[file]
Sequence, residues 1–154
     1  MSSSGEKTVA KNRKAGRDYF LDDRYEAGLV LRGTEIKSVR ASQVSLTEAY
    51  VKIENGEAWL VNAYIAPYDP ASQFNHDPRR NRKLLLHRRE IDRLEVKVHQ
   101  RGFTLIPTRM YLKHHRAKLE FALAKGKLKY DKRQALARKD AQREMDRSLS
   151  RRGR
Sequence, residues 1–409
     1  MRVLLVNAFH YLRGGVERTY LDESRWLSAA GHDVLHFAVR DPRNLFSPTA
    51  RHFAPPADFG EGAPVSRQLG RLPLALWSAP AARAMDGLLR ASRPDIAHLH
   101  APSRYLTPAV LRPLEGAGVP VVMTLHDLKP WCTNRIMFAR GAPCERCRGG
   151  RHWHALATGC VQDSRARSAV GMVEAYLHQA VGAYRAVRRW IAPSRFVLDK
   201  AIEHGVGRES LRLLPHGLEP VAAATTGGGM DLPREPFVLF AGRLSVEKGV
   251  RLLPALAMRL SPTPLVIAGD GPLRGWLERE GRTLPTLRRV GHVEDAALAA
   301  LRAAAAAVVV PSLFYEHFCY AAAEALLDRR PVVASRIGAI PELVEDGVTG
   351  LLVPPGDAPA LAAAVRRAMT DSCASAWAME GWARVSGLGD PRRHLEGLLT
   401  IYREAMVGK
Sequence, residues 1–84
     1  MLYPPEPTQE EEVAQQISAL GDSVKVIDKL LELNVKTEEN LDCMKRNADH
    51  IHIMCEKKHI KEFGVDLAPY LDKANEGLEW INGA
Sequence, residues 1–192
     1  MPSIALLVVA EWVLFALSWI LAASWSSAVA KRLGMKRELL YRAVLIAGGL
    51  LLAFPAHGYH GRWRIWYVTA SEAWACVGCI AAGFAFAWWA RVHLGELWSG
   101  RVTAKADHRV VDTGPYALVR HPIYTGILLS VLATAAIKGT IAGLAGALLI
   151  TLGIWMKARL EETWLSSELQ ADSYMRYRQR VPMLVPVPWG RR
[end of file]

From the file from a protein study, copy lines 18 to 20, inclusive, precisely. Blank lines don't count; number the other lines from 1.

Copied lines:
    51  IHIMCEKKHI KEFGVDLAPY LDKANEGLEW INGA
Sequence, residues 1–192
     1  MPSIALLVVA EWVLFALSWI LAASWSSAVA KRLGMKRELL YRAVLIAGGL